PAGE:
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Byron McNutt

People Make the Difference

Byron McNutt can be reached at This e-mail address is being protected from spambots. You need JavaScript enabled to view it.
or P.O. Box 1929, Eagle River, WI 54521.


25 ways we're different this Christmas season
By Byron McNutt

A friend commented the other day that he was reading the papers, catching up on the news, when he realized he hadn’t read any articles that mentioned the fact that we should be celebrating the birth of Christ this Christmas.
Was this a case of trying to be politically correct? I noted that there have been quite a few Christmas-themed shows and movies on TV. The point he was making was the media is telling us how critical the holiday season is to the economy, but we shouldn’t forget the true reason for the season!
This occasion reminded me of an article published in the Dec. 20, 2001, edition of The Delphos Herald in Delphos, Ohio. That was shortly after the Sept. 11 terrorist attacks on America. I saved the article and I thought it would be appropriate to reprint it this week. The author or compiler of the list is not known. A very nice presentation of the list can also be found on the Internet.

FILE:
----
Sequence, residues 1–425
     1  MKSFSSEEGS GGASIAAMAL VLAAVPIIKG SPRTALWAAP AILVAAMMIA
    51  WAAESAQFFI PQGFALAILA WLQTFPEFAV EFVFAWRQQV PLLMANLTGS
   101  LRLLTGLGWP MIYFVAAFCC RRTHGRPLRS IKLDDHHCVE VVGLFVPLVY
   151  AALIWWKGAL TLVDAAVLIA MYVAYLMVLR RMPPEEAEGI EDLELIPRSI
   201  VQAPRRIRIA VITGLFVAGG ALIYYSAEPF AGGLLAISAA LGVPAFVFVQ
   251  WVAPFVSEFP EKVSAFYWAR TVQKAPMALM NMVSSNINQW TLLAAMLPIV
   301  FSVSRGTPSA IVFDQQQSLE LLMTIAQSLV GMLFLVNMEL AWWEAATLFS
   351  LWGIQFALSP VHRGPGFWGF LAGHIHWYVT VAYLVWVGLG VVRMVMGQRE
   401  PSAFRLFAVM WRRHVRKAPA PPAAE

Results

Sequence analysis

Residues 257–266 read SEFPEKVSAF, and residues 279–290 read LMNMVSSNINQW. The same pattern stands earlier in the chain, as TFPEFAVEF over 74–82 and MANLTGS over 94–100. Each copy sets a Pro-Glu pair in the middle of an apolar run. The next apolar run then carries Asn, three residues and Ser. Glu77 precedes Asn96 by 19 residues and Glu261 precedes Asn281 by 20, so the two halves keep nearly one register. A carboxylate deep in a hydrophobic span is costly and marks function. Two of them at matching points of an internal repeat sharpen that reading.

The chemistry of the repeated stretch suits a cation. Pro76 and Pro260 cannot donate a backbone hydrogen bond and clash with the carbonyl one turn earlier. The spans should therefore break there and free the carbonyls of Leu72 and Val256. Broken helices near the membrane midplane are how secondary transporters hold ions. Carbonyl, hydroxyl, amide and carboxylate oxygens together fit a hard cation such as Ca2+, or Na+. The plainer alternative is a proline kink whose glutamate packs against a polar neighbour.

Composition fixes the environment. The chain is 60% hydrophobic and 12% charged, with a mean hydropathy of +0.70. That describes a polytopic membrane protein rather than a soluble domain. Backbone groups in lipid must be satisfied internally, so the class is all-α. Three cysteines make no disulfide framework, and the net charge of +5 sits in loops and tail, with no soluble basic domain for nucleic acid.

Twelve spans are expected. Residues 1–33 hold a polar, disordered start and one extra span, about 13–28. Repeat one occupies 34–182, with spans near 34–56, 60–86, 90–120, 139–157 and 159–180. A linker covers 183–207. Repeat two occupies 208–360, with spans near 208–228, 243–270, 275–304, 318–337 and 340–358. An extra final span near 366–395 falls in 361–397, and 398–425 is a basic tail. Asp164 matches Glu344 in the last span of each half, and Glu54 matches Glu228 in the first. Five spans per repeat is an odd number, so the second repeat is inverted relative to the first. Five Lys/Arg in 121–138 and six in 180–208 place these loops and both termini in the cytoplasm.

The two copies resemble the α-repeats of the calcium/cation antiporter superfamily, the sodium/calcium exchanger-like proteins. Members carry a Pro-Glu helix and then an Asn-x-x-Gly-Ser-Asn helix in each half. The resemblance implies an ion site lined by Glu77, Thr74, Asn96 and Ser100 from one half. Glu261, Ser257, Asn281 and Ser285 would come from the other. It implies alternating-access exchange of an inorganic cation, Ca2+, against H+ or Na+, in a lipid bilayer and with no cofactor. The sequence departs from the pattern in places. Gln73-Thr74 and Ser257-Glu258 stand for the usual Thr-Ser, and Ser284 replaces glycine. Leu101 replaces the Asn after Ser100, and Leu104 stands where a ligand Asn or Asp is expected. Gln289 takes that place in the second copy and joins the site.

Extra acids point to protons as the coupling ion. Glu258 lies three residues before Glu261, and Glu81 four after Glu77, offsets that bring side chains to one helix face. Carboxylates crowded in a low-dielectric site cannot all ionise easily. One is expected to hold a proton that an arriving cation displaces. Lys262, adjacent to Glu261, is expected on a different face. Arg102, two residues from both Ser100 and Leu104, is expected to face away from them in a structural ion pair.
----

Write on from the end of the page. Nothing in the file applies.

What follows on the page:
Tuesday, December 20, 2011 2:49 PM | Updated ( Tuesday, December 20, 2011 7:30 PM )
Many of life's problems can be solved by looking up
By Byron McNutt

SOMETIMES LIFE THROWS us a curve. If we let them, our problems can overwhelm us. When we are faced with trials and tribulations, we should remember the following story about the buzzard, the bat and the bumblebee.
The essay was sent to me about five years ago. Research says the author is unknown and the analogy used may be flawed but the message is still important as the story has been shared with friends for many years.